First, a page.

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A History of Colonialism in Africa from BBC News
Slavery and the ‘Scramble for Africa’
By Dr Saul David Last updated 2010-10-15
What were the motives behind the European colonisation of Africa at the end of the 19th century? Did the stamping out of slavery really play a part?
Until the 19th century, Britain and the other European powers confined their imperial ambitions in Africa to the odd coastal outpost from which they could exert their economic and military influence. British activity on the West African coast was centred around the lucrative slave trade.
European ships took more than 11 million people into slavery from the West African coast.
Between 1562 and 1807, when the slave trade was abolished, British ships carried up to three million people into slavery in the Americas. In total, European ships took more than 11 million people into slavery from the West African coast, and European traders grew rich on the profits while the population of Africa’s west coast was devastated.
As late as the 1870s, only 10% of the continent was under direct European control, with Algeria held by France, the Cape Colony and Natal (both in modern South Africa) by Britain, and Angola by Portugal. And yet by 1900, European nations had added almost 10 million square miles of Africa – one-fifth of the land mass of the globe – to their overseas colonial possessions. Europeans ruled more than 90% of the African continent.
One of the chief justifications for this so-called ‘scramble for Africa’ was a desire to stamp out slavery once and for all. Shortly before his death in May 1873 at Ilala in central Africa, the celebrated missionary-explorer David Livingstone had called for a worldwide crusade to defeat the slave trade controlled by Arabs in East Africa, that was laying waste the heart of the continent.
The only way to liberate Africa, believed Livingstone, was to introduce the ‘three Cs’: commerce, Christianity and civilisation.
The Berlin Conference
British explorer David Livingstone ©
This was a period in history when few Europeans doubted their innate superiority over the ‘lesser’ races of the world.
The theory that all the peoples of Europe belonged to one white race which originated in the Caucasus (hence the term ‘Caucasian’) was first postulated at the turn of the 19th century by a German professor of ethnology called Johann Blumenbach.
Blumenbach’s colour-coded classification of races – white, brown, yellow, black and red – was later refined by a French ethnologist, Joseph-Arthur Gobineau, to include a complete racial hierarchy with white-skinned people of European origin at the top.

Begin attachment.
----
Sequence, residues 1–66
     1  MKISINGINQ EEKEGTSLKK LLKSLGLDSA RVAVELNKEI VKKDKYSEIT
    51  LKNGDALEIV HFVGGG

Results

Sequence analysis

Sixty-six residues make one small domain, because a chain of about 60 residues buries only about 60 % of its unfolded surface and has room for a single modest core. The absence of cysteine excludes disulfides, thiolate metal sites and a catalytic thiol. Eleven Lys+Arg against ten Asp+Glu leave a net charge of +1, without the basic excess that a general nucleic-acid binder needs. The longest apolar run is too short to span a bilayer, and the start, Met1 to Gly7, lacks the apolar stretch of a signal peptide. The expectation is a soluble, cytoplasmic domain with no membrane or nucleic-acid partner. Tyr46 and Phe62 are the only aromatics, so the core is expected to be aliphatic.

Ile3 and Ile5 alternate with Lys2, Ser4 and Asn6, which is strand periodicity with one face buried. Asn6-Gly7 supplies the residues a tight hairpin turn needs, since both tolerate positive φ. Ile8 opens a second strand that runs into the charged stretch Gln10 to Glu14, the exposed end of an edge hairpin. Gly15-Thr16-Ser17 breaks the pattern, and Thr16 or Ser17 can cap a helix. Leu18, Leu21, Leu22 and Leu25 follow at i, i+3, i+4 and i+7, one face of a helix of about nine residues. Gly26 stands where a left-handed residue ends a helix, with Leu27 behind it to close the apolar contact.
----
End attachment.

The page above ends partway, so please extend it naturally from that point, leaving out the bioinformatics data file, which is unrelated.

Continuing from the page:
Britons like Livingstone felt they had a duty to ‘civilise’ Africa.
Such pseudo-scientific theories were widely accepted at the time and motivated Britons like Livingstone to feel they had a duty to ‘civilise’ Africa.
The Berlin Conference of 1884-1885, convened by Otto von Bismarck to discuss the future of Africa, had the stamping out slavery high on the agenda. The Berlin Act of 1885, signed by the 13 European powers attending the conference, included a resolution to ‘help in suppressing slavery’.
In truth, the strategic and economic objectives of the colonial powers, such as protecting old markets and exploiting new ones, were far more important.
The Berlin Conference began the process of carving up Africa, paying no attention to local culture or ethnic groups, and leaving people from the same tribe on separate sides of European-imposed borders.
Britain was primarily concerned with maintaining its lines of communication with India, hence its interest in Egypt and South Africa. But once these two areas were secure, imperialist adventurers like Cecil Rhodes encouraged the acquisition of further territory with the intention of establishing a Cape-to-Cairo railway.
Britain was also interested in the commercial potential of mineral-rich territories like the Transvaal, where gold was discovered in the mid-1880s, and in preventing other European powers, particularly Germany and France, from muscling into areas they considered within their ‘sphere of influence’.
Tens of thousands of Herero men, women and children fell victim to von Trotha’s infamous extermination order.
As a result, during the last 20 years of the 19th century, Britain occupied or annexed Egypt, the Sudan, British East Africa (Kenya and Uganda), British Somaliland, Southern and Northern Rhodesia (Zimbabwe and Zambia), Bechuanaland (Botswana), Orange Free State and the Transvaal (South Africa), Gambia, Sierra Leone, Nigeria, British Gold Coast (Ghana) and Nyasaland (Malawi). These countries accounted for more than 30% of Africa’s population.
The other chief colonisers were France, Germany, Belgium, Italy, Portugal and Spain.
Germany had only been unified in 1871 and so was a late starter in imperial terms. Its first acquisition in 1884 was German South-West Africa (Namibia), which at the time was peopled by two semi-nomadic tribes, the Herero of the arid central plateau and the Nama of the still more arid steppes to the south.
When the two tribes went to war over cattle grazing, German traders and missionaries persuaded their government to intervene and fill the political vacuum.
A later Herero rebellion in 1904, provoked by the brutality of the German settlers, was put down by General Lothar von Trotha with savage efficiency, and tens of thousands of Herero men, women and children fell victim to his infamous ‘Vernichtungsbefehl’ (extermination order).
‘Spirit of Berlin’
The philanthropic ‘spirit of Berlin’, however, was not entirely hollow. Once it became known that slavery was alive and well in the Congo, which was run as a personal fiefdom of Leopold, King of Belgium, an international anti-slavery conference was held in Brussels in 1889-1890.